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Date: Tue, 2 Feb 1999 21:13:11 -0600 (CST)
From: rich@pencil.math.missouri.edu (Rich Winkel)
Organization: PACH
Subject: ASIA-PACIFIC: Migrant Women Workers Are Prey to Traffickers
Article: 53785
To: undisclosed-recipients:;
Message-ID: <bulk.25777.19990204001615@chumbly.math.missouri.edu>

/** headlines: 128.0 **/
** Topic: ASIA-PACIFIC: Migrant Women Workers Are Prey to Traffickers **
** Written 12:29 PM Feb 1, 1999 by mmason in cdp:headlines **
/* Written 4:59 AM Jan 29, 1999 by DEBRA@OLN.comlink.apc.org in hrnet.women */
/* ---------- "INTL: Migrants at the mercy of huma" ---------- */

Edited/Distributed by HURINet - The Human Rights Information Network

## author : suriya@samart.co.th
## date : 18.11.98

Source unknown

Migrants at the mercy of human traffickers. Global economic woes compound situation

By Anjira Assavanonda
7 November 1998

The current economic crisis coupled with the suppression of illegal workers have aggravated the vulnerable situation of migrants, particularly women, caught in the human trafficking racket in the Asia-Pacific region, a report claimed.

A paper prepared by the International Organisation for Migration, presented at the Regional Conference on Trafficking in Women organised by the United Nations Economic and Social Commission for Asia and the Pacific, said the problem of trafficking in women will worsen due to changes in the economic and social environment in the region.

In his presentation, IOM representative Anders Knudsen said the current crisis has forced the lives of illegal migrants further underground.

In a response to economic problems, many of the receiving countries in the region have imposed stricter measures against illegally employed foreign workers.

The possibilities of obtaining work permits have also decreased drastically.

However, it was noted that considerable demand for foreign labour still exists.

Due to the economic downturn, many private companies have been forced to cut costs to survive.

One option being applied is a reduction in salaries by employing cheap foreign and irregular labour.

With big supply and strong demand in the labour market, measures aimed at limiting migration failed to reduce the presence of foreign workers.

Mr Knudsen said illegal cross-border migration has created a market for services, such as the provision of forged travel documents, transportation, guided border crossings, accommodation and job brokering.

The smuggling of illegal aliens is said to be a very profitable business, he said.

"Before the downturn many could migrate freely and by their own means, but now with stricter enforcement many have turned to services offered by traffickers to reach their goal," he said.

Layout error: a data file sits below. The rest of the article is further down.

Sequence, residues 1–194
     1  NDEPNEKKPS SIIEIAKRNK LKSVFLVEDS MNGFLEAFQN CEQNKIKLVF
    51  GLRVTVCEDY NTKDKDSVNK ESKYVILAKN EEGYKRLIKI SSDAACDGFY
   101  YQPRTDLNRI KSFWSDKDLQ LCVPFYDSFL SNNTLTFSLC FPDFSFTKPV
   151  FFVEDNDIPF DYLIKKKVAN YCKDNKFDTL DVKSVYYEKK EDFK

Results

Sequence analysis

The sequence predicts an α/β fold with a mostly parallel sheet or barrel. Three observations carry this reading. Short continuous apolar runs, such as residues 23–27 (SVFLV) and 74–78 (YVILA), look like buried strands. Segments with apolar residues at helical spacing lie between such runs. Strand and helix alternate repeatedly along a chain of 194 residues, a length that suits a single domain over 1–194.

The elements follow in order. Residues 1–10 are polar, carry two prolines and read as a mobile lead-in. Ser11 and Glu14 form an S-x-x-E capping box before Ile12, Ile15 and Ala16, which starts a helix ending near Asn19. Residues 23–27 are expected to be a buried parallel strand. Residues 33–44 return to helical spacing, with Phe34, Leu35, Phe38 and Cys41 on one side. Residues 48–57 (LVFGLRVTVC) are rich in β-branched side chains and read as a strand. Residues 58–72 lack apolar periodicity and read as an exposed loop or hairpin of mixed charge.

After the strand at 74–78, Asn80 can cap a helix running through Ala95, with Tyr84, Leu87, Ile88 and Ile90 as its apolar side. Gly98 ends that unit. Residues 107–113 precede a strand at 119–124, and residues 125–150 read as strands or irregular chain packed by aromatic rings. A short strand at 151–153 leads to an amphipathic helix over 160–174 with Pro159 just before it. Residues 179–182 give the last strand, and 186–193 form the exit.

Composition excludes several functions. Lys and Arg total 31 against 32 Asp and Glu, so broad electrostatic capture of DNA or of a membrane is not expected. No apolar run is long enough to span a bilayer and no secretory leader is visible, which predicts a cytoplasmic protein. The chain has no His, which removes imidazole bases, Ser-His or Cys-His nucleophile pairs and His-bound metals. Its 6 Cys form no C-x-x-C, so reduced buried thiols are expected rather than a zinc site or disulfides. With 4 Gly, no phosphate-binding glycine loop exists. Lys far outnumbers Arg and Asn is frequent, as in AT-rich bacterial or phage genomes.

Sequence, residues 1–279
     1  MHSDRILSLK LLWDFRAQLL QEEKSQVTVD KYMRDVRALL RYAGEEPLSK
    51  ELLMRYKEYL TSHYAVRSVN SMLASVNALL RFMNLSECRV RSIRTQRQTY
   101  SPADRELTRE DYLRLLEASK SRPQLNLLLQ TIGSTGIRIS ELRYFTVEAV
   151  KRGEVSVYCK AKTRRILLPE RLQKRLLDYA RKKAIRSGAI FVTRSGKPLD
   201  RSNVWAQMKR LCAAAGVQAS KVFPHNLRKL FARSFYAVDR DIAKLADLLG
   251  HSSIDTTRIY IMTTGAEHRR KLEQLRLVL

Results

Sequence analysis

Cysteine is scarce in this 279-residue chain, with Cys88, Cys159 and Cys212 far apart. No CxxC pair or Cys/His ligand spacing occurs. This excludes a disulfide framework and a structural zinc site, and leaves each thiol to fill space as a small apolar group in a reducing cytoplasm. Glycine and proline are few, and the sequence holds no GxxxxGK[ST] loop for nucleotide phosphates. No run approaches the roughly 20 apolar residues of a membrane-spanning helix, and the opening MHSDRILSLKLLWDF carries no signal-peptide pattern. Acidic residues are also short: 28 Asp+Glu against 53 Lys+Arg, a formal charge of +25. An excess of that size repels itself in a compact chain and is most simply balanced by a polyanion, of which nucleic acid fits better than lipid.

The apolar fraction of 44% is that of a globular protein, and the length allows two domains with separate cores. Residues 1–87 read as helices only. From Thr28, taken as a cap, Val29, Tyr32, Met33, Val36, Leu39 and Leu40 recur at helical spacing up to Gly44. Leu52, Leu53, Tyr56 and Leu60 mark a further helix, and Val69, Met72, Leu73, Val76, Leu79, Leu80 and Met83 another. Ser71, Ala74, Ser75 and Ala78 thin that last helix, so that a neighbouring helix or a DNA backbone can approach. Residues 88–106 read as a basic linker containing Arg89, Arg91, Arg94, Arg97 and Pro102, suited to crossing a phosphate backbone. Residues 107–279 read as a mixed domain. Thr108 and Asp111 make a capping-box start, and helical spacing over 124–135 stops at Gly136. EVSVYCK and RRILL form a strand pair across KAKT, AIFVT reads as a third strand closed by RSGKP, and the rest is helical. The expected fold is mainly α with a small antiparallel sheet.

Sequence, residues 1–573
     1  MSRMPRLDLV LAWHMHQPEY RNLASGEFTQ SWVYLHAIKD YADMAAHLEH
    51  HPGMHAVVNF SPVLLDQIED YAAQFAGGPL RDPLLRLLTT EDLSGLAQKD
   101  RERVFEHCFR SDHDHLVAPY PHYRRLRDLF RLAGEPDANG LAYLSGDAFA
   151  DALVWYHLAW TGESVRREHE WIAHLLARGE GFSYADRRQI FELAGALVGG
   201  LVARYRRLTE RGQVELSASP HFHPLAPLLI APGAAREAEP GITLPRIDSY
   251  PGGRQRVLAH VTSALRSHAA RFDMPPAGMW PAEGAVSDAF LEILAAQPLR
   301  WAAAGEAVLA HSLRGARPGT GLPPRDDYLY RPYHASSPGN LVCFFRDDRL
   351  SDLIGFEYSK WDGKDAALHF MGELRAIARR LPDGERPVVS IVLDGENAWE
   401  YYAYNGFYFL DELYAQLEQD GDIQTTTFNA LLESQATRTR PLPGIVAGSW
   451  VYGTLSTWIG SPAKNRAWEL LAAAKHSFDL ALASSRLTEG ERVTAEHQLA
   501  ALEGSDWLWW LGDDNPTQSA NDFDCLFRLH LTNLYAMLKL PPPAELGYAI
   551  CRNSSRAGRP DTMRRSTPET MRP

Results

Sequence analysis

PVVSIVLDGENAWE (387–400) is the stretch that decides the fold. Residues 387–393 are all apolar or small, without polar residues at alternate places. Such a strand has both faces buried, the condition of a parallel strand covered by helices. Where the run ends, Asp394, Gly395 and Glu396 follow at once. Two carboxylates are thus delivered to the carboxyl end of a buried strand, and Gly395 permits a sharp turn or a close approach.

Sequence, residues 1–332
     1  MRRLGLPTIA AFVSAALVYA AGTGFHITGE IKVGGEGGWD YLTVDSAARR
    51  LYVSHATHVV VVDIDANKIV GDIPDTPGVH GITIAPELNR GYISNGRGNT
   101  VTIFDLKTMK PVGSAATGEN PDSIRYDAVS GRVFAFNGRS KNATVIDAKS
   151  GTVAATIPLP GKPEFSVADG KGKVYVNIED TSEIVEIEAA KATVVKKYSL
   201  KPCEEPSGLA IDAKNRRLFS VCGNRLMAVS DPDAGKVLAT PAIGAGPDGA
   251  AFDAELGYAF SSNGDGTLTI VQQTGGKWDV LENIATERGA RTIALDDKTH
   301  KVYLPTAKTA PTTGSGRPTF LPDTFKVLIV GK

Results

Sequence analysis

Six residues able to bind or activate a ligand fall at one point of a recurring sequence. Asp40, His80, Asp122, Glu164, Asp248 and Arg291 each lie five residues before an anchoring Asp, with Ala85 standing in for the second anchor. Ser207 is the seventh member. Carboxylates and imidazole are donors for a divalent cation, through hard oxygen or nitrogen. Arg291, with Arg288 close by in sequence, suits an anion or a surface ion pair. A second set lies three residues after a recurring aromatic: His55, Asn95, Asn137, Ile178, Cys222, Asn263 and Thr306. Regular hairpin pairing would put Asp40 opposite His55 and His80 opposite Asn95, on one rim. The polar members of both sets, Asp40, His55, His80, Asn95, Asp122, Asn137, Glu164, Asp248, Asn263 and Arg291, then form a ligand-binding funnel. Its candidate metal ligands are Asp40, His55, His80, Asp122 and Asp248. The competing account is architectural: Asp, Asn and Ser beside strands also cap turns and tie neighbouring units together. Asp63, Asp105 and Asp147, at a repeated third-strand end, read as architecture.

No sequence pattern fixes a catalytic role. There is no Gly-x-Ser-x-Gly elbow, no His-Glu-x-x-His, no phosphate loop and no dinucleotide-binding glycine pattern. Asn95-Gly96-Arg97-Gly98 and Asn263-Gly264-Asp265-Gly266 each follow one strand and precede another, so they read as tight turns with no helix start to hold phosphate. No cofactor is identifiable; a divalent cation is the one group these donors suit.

A larger number of migrants are now depending on the protection of employers in order not to be arrested and deported.

Such dependence on employers often leaves migrants at risk of abuse, exploitation, humiliation, and violence from employers and corrupt police.

However, although migrants, particularly women, are often abused, they rarely enjoy any legal rights in the receiving countries. If they complain to the police, they are simply arrested, charged with illegal entry and deported.

Trafficking is part of a migration problem, and trafficking in women is particularly disturbing as female migrants are more vulnerable than male.

Mr Knudsen said the problems facing female migrants have been combined by several factors, including violation of basic human rights in the form of extortion, debt bondage, and sexual exploitation.

Illegal migrants also do not have access to public health care and their children do not have access to public education.

To solve the problem, he said that governments, inter-governmental and non-governmental organisations must work together to address the root causes such as poverty, lack of opportunities, scarce resources, low status of women in society and political and economic instability which drive irregular migration as a whole.

The IOM has focussed on two stages in the trafficking process. The first is through prevention before victimisation occurs, by providing potential victims with information about trafficking so that they will be in a better position to make an informed decision.

The second concentrates on direct assistance and support to the victims of trafficking.

The IOM also emphasised a new range of activities for international organisations, governments and NGOs such as adoption of policies and legislation to penalise traffickers, established systems to distinguish between "normal" irregular migrants and victims of trafficking and legal and medical assistance for victims of trafficking.

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